– [Angelo] Yeah, nah. Just let the sensation teach you, let the sensation show you how it works, what it is. And so this body sensation exercise we just did leads into sort of the next, or a next iteration of how to work with sensation. And that would be, we’ve been directing our attention to a certain sensation or even choosing a sensation from which our attention is directed. Like we just sort of picked a place in the body or we looked at what’s the most prominent, but what if you actually kind of allow your attention to become fluid and allow it to move through the body wherever feels most natural. So for instance, you might start, oh I feel my foot on the floor, but we kinda say, okay, I can feel that sensation. I don’t need to label it, manage it, move it, clarify it. Just allow that sensation to be what it is. And now I’m also going to allow the attention to move anywhere in the body that feels natural to it. It might move up the leg. It might appear in the torso suddenly or in the head or the face or in the hands, but it can move fluidly. You’re kind of giving it permission to move fluidly through the body. You’re kinda giving the body permission to illuminate any part of it, any part of its physical experience that feels natural to it. You could say. So this is a way of experiencing attention or modulating it that is a little more surrendered. It’s not so much I’m directing attention, but I’m letting attention direct itself through the body by tuning into one part of the body first and then letting it move. And at first it might feel real stuck. And it can, when we go through intense experiences or emotional blocks and things and we try to do this kind of exercise, we often find it’s very stuck somewhere. It’s like in the chest. I hear this very frequently from people who go through these shifts, that, “Oh my gosh, all of a sudden “the energy is like stuck in my chest. “And it’s been there for two days.” Or the neck or the head or the gut, and this kind of approach, this allowing the body to sort of direct attention inside of itself tends to help with these things, if you’re patient. Just let it, just say, okay, it’s there. There’s a density there. There’s a density of sensation. My attention keeps going there. Let’s just let it be there for a bit, let that sensation be exactly what it is and just kind of invite it to expand or move if it feels relevant, right? You just kinda give it permission because a lot of times when we’re looking with our attention in a certain way, in a dualistic way, down to the sensation, and we’re like, that’s down there. I don’t want it there. I don’t know why it’s there, it really sets up this like stuck feeling. Whereas if we just kind of start with letting the attention find itself there, and let it be there and observe, experience, allow yourself to drop those thoughts away like it shouldn’t be there, even the hidden thoughts that shouldn’t be there. I don’t want it to be there. I don’t know what it is. If I knew what it was, I could do something with it. Just say, hey, those are all thoughts. Thoughts, thoughts, thoughts. Let the thoughts be, and just let this attention radiate from the experience itself, wherever it is. You often will find it starts to loosen up. You’ll start to, oh, I start to feel these little movements in other parts of the body. And then you realize it was really the mind that was holding it down in there, the expectation of what it was kind of reinforcing it. Like that which you resist persists. It’s that kind of a thing. And this is really common after awakening, because these, I dunno what you call ’em, pain centers or emotional blocks, they often come out in a very visceral way. You don’t even have to fully feel the emotion. It’s just a contracted center and you know it. But the resistance pattern that has kept that emotion repressed for so long is still very much intact. And that’s what you’re dealing with now. You’re dealing with the resistance pattern. So because the resistance pattern, or the pushing down, is so strong and so pervasive and habituated, and it’s kinda subtle, it’s kinda hidden in the background although it doesn’t feel subtle. You can investigate it in this very subtle way. And by, again, giving the attention, permission to just radiate from the experience itself, the physical experience, and move as it needs to, you’ll often find, oh, it just starts kinda poppin’ up in other places in the body and this starts to loosen up. But it can stay awhile. These densities can stay awhile. But this type of approach and technique with your attention is pretty valuable in these cases.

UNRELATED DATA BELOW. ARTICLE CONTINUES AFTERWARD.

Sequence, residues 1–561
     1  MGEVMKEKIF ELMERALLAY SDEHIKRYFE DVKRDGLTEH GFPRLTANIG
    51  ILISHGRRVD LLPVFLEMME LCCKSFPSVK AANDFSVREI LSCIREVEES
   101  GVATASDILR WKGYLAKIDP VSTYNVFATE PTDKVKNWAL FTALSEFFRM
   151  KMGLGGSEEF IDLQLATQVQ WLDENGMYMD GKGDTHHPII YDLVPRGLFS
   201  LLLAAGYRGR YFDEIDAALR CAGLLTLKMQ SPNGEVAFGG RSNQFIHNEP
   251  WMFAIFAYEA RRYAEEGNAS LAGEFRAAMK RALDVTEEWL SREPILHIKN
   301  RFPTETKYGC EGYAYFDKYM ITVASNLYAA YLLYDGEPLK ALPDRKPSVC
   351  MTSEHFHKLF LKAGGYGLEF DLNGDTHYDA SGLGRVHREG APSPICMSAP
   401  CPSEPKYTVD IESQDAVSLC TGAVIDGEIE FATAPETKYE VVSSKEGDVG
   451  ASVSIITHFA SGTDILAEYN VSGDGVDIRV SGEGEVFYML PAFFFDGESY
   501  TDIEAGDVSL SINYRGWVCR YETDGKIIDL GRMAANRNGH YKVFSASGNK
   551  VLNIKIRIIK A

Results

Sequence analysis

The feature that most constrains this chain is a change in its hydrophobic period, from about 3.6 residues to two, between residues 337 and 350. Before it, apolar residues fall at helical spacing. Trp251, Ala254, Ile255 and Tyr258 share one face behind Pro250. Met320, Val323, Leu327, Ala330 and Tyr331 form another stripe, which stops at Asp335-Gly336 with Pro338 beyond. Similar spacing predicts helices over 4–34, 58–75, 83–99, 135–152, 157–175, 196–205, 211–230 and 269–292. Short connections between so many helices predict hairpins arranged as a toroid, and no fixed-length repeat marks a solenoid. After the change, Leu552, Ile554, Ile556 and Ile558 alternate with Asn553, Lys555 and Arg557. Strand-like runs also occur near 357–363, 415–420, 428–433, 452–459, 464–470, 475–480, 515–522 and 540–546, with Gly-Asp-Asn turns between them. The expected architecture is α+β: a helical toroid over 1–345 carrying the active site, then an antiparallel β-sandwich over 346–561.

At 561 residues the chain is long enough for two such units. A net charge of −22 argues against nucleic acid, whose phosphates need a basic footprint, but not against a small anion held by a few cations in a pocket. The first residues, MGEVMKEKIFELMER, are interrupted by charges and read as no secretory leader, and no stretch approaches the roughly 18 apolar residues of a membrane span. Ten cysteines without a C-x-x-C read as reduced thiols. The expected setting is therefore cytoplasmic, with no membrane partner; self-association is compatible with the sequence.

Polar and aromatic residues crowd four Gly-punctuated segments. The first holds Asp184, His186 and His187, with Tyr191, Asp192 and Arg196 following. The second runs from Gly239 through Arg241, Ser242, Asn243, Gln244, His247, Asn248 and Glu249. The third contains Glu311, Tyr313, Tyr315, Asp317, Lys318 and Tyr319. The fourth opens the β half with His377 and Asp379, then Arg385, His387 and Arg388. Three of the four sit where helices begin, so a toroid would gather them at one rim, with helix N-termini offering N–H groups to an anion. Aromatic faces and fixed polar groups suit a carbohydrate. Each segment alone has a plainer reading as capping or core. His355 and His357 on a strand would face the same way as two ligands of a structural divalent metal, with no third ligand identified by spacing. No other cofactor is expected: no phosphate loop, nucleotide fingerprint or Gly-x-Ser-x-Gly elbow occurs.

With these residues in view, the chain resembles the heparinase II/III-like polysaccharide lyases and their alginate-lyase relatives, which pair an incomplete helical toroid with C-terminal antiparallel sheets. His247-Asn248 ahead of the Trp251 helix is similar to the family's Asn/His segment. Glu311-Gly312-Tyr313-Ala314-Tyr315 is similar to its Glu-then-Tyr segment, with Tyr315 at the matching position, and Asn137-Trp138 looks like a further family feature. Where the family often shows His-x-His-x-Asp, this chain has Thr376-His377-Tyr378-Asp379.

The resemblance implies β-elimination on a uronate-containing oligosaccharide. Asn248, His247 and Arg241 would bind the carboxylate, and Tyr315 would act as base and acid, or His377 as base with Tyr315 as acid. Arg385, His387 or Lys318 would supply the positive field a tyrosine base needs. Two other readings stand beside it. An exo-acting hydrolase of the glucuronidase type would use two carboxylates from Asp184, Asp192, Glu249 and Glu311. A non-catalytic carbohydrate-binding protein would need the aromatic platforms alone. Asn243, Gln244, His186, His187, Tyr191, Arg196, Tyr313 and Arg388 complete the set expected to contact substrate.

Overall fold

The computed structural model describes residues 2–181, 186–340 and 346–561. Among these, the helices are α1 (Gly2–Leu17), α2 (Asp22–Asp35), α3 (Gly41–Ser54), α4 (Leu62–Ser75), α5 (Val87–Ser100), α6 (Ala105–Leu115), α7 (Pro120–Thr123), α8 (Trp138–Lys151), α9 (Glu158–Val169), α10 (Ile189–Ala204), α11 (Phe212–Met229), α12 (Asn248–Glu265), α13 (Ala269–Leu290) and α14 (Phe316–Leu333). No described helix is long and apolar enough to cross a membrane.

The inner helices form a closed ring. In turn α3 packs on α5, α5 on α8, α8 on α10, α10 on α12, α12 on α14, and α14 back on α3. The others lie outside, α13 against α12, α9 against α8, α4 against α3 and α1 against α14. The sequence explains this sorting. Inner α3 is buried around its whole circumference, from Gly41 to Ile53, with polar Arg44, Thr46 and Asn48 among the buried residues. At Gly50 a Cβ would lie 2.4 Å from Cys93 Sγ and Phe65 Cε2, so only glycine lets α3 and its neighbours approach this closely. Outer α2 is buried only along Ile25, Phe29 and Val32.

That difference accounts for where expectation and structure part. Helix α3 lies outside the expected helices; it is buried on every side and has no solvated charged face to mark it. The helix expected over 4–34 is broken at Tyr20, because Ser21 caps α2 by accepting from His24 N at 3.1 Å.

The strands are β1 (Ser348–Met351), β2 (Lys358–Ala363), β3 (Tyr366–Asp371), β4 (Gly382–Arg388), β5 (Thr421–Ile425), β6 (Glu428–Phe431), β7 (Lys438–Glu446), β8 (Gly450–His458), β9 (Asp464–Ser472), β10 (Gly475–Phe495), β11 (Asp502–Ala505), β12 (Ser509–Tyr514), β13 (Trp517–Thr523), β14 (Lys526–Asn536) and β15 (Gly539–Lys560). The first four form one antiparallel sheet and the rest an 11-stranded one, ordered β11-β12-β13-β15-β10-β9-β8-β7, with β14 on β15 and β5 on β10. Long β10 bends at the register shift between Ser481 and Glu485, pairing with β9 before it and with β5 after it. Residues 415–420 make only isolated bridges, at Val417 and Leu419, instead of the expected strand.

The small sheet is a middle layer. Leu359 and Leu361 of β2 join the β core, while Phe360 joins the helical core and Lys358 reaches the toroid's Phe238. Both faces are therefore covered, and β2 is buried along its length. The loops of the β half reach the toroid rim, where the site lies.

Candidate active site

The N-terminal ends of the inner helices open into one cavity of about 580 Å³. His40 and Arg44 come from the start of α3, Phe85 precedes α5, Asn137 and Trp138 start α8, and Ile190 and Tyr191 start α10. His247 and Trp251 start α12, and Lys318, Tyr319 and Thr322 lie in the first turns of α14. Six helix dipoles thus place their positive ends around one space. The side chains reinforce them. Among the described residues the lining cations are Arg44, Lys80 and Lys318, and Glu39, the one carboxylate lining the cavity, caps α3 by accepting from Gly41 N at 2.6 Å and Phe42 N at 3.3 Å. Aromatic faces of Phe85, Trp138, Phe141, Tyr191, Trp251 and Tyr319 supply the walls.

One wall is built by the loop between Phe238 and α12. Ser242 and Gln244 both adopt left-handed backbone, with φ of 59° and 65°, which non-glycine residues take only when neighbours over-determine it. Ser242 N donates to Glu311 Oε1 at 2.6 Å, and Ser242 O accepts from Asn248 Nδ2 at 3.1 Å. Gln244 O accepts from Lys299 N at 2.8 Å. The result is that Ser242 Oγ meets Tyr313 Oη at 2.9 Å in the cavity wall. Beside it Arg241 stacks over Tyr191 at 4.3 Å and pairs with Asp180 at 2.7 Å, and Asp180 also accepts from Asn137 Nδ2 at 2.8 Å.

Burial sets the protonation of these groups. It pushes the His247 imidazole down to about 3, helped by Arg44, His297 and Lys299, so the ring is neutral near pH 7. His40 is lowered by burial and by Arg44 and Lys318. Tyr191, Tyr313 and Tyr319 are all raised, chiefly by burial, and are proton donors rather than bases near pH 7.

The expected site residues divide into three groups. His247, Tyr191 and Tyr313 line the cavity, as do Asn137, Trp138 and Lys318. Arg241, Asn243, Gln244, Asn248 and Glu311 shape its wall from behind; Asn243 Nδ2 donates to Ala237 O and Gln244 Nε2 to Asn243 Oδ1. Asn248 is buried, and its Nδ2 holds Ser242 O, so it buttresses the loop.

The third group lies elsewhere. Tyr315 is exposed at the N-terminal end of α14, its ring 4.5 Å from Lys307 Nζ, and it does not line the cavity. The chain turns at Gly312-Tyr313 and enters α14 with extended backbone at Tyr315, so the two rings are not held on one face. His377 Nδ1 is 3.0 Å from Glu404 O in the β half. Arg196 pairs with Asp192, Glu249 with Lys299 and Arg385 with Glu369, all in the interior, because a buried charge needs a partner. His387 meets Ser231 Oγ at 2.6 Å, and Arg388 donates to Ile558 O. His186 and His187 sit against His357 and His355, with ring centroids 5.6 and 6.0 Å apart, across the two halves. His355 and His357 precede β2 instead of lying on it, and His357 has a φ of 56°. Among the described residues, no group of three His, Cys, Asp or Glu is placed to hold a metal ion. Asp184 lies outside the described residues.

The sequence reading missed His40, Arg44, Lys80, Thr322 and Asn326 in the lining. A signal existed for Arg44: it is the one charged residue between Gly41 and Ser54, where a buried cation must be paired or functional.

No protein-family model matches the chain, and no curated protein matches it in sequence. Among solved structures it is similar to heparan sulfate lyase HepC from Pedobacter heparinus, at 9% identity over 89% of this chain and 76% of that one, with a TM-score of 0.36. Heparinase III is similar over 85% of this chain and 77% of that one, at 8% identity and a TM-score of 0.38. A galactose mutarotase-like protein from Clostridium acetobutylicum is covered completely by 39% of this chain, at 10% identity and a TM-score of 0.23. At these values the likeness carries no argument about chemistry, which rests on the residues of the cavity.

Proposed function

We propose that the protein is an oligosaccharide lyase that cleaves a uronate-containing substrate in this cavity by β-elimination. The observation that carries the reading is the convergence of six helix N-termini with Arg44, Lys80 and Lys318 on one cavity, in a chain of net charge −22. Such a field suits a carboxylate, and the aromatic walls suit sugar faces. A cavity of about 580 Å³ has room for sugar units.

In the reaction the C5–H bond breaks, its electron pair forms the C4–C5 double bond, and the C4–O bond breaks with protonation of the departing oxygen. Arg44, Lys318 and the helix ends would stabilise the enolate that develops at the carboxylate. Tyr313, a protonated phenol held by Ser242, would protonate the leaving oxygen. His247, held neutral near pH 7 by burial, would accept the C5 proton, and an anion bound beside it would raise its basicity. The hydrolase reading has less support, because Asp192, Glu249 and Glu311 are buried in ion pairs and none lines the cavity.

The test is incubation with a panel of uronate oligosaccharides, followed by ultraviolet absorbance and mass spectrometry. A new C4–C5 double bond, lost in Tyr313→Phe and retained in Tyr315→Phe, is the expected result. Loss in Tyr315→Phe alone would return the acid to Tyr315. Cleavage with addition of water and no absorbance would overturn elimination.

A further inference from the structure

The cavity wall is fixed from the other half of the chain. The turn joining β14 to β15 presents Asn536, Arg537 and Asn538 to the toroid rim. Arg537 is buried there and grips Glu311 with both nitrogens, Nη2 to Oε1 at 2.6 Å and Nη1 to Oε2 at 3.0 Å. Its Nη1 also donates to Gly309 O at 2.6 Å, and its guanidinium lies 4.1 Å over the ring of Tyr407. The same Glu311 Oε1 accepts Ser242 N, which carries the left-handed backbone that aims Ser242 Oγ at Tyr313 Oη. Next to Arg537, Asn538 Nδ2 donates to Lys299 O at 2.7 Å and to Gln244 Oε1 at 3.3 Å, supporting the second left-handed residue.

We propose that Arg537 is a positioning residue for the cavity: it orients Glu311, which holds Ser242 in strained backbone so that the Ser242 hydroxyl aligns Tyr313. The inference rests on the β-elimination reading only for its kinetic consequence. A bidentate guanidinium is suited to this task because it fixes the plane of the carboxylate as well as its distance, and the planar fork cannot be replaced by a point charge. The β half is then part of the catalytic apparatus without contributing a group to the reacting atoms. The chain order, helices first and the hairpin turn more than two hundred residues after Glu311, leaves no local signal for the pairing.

– [Zubin] I really love the way you described giving the permission for the attention to radiate from the sensation, because we get, there’s a perceptual distortion that I’ve noticed where it seems like there’s a manager in the head that is directing a flashlight from a subject down to what it’s beaming at. And it’s controlling this. And what you’re doing is you’re saying, now, actually really cut the leash there and let the dog kinda do what it’s gonna do, and the dog’ll bark at you and that sound’ll come to you instead of you yanking on the dog, in a way. And that then allows a kind of an allowing, so that that resistance pattern, which I agree, it doesn’t feel subtle, but the subtlety is in identifying it as a resistance pattern.